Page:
We want AppVeyor to be a great tool in the hands of every Windows developer! We listened to you and we revisited our plans before going Live to make sure AppVeyor pricing works for everyone.

New plans:

Open source Professional Premium Enterprise
FREE $39/month $79/month from $319/month
Unlimited public repositories 10 private repositories Unlimited private repositories Unlimited private repositories
1 concurrent job 1 concurrent job 2 concurrent jobs 4+ concurrent jobs
Forums support Email support Email support Priority technical support
- - - Phone/Skype support

Sign in to your existing account and start using AppVeyor for your next project!

Continuous Delivery of Windows Azure Cloud Services with AppVeyor CI

Posted on March 25, 2014


AppVeyor is Continuous Integration service for Windows developers to securely build and test code in parallel and deploy successful bits to on-premise or cloud environments.

In this tutorial we’ll guide you through the process of setting up a continuous delivery process for sample Azure Cloud Service (Azure CS) application starting from a code push to a repository and finishing with deployment of successful build to Azure.

Note to Global Windows Azure Bootcamp attendees

On Saturday, March 29, 2014 Global Windows Azure Bootcamp (GWAB) will take place in 141 locations across the globe. If you are not registered yet go find a location near you and do that. AppVeyor CI is one of the sponsors of this event and during that time we will be giving 2 free months with the purchase of any AppVeyor plan to all GWAB attendees.

AppVeyor CI has tight relationship with Windows Azure platform. First of all, AppVeyor is built for Azure and it uses Azure IaaS to run your builds on dedicated virtual machines. Second, AppVeyor provides complete Continuous Delivery cycle for Azure projects, i.e. building, testing, packaging and deploying your web applications and Azure Cloud Services. GWAB training classes is a wonderful place to try AppVeyor and setup super-simple continuous integration for your lab project.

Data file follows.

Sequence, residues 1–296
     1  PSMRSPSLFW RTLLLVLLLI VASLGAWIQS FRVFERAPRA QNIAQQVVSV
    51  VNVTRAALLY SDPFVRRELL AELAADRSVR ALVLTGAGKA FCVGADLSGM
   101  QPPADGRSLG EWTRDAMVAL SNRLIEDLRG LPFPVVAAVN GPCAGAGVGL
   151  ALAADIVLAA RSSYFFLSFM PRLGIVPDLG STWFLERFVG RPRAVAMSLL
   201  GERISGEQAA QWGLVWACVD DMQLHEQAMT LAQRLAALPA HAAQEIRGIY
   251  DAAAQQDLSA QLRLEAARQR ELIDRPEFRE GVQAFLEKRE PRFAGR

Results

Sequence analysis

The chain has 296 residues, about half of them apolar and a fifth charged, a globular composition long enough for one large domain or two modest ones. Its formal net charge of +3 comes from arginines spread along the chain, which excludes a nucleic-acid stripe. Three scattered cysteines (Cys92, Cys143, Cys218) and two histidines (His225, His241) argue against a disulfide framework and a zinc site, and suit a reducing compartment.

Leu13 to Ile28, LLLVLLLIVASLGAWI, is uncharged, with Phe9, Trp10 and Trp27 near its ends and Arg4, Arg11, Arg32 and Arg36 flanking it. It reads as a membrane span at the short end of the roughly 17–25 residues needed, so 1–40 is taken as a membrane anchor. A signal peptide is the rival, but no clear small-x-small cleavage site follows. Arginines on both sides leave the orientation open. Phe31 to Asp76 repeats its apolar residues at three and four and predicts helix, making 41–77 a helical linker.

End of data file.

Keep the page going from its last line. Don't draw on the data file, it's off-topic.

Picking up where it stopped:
Sample project on GitHub

We’ve created a simple Azure Cloud Service solution created in Visual Studio 2013 and consisting of a WebRole and xUnit test projects. You can find sample project repository on GitHub.


Note, that we don’t have “NuGet Package Restore” enabled for VS solution (no .nuget folder in repository). This is not necessary in AppVeyor environment - below you’ll see how to do that.

Sign up for AppVeyor account

If you don’t have AppVeyor account yet you should definitely get one! Go to and use “GitHub” button to sign up for Free plan which allows you building public repositories.


Add new project

Click New project and select GitHub repository:

New project

AppVeyor will automatically configure webhook for the repo to start a new build on every push.

Enable NuGet packages restore

To enable restore of NuGet packages during the build open project settings and add “nuget restore” command into before build script:

Project settings

Start new build

Run New build and see its progress in a real-time build console:

Build control

If you click Artifacts tab upon build completion you will see that AppVeyor automatically detected and packaged Azure Cloud Service project along with its configuration:

Build artifacts

In just a few minutes we have a pretty decent Continuous Integration process for our Azure Cloud Service!